• The Supporting Players: This is one area where the film isn’t all bad. Eileen Brennan and John Hillerman come off the best. They’re doing what they can, and it helps that they can sing, but thankfully both went on to better things. Mildred Natwick is charming in her few scenes, but she’s given very little to do that would have any real impact. Madeline Kahn is OK, but watching her in this after her back-to-back successes in What’s Up Doc? (1972), Paper Moon (1973), Blazing Saddles (1974), and Young Frankenstein (1974) is a little disheartening because you realize even someone as brilliant as Kahn needs decent material. She does well with her dances, but the songs she has to sing don’t work. Duilio Del Prete was an unknown going into this and stayed unknown after. If you ever catch the film, you’ll see why.
  • Burt Reynolds: In 1975 Reynolds was on his way to becoming the biggest star of the decade. He’s very lucky this movie didn’t hinder that. Reynolds is very attractive here and he looks great in a tux, but he can’t sing, and he isn’t a dancer. What he does have is charm and a certain smugness that works for about 10 minutes. Supposedly Bogdanovich wanted Ryan O’Neal, but he wasn’t available. I can’t see how he would have been an improvement.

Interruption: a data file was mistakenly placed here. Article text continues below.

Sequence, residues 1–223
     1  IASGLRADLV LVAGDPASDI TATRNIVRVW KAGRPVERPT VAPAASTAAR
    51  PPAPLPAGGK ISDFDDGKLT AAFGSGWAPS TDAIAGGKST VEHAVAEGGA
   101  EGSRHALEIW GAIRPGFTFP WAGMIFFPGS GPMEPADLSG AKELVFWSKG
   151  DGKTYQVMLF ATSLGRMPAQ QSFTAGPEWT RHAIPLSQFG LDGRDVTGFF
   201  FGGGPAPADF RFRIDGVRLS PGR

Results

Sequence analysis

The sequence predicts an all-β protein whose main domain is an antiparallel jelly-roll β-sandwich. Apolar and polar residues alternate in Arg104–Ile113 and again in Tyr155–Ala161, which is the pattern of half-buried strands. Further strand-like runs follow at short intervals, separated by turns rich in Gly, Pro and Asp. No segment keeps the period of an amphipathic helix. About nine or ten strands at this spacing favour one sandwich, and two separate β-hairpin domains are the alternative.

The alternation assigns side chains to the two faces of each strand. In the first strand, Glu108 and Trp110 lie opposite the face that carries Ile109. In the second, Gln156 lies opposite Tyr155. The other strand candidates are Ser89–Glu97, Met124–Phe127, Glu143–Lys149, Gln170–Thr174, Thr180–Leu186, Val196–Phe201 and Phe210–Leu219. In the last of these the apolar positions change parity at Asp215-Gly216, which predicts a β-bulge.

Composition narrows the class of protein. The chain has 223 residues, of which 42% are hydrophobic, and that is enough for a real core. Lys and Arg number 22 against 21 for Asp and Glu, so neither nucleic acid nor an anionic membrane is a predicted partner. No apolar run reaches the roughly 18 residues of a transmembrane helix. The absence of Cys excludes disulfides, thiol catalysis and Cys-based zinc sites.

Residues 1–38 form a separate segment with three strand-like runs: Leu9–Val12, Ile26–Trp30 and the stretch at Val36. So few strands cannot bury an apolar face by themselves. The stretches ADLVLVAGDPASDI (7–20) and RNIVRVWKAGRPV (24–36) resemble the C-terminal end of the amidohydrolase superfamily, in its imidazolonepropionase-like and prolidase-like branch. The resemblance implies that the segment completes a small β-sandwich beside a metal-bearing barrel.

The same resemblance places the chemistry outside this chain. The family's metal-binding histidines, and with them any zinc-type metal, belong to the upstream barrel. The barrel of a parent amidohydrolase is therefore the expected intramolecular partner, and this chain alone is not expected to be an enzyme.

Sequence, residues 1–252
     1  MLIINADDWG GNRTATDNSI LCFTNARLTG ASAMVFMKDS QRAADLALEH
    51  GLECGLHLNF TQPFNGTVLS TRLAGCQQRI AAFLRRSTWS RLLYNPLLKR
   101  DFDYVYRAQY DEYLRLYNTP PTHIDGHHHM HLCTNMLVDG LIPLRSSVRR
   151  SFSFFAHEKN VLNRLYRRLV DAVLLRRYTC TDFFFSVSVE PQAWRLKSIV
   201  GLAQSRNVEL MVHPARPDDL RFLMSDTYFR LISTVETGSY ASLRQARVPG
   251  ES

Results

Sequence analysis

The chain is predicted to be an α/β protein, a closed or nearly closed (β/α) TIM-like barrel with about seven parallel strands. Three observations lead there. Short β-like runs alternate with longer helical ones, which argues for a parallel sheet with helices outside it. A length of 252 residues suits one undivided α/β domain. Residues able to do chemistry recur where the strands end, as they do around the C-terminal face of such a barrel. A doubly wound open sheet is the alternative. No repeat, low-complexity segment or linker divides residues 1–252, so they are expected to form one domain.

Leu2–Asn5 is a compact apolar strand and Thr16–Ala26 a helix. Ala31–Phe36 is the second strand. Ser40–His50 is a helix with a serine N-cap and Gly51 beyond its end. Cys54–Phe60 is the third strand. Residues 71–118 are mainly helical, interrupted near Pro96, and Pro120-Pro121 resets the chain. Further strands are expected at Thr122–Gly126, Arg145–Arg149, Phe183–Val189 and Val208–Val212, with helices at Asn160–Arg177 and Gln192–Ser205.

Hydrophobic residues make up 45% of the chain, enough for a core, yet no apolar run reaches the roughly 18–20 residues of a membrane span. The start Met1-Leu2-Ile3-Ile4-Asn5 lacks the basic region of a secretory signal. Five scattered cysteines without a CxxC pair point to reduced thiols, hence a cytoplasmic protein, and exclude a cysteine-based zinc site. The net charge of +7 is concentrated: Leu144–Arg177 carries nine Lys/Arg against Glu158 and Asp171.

• Cybill Shepherd: This was her third film with Bogdanovich and the two were a couple (soon after they met on the set of The Last Picture Show, her first film). Coming off some negative reaction to Daisy Miller the previous year and a poorly received album of Cole Porter standards, Shepherd’s career was faltering by 1975. Her work in At Long Last Love only accelerated that. Shepherd bore the brunt of the bad reviews when the film came out and you can see why. She’s playing exactly what people thought she was at the time – a spoiled, entitled brat who was protected by her family – and she’s terrible at it. Every line she utters falls flat, her singing may be on tune for most of the time, but it’s not pleasant. And she dances like a construction worker in heels. There’s absolutely no grace.
  • The Music: The decision was made to film all the musical numbers live with no pre-recording. I guess Bogdanovich wanted to emulate the practice of some early 1930s musicals where an orchestra was just off the set and the performers would sing live. That can work with real singers, but here it’s distracting to the point of tedium. Cole Porter’s songs are classics, but as performed here they all sound tinny, under rehearsed, repetitive and the performers come across as amateurs. We re-watched this last week over two nights (I couldn’t handle just one sitting) and each time someone started to sing a feeling of dread come over us. And the songs just kept coming and coming.

You can clearly see Bogdanovich was going for something along the lines of a Fred Astaire-Ginger Rogers film like Top Hat (1935) or one of Ernst Lubitsch’s early musical successes. The result was so far off the mark that it helped derail his career after such a promising start and Shepherd didn’t get hers back on track until she went to TV and Moonlighting in the late 1980s. Burt Reynolds complained at the time the film was released – to scathing reviews – that critics were reviewing Bogdanovich’s personal relationship with Shepherd, not the film. Nice try Burt.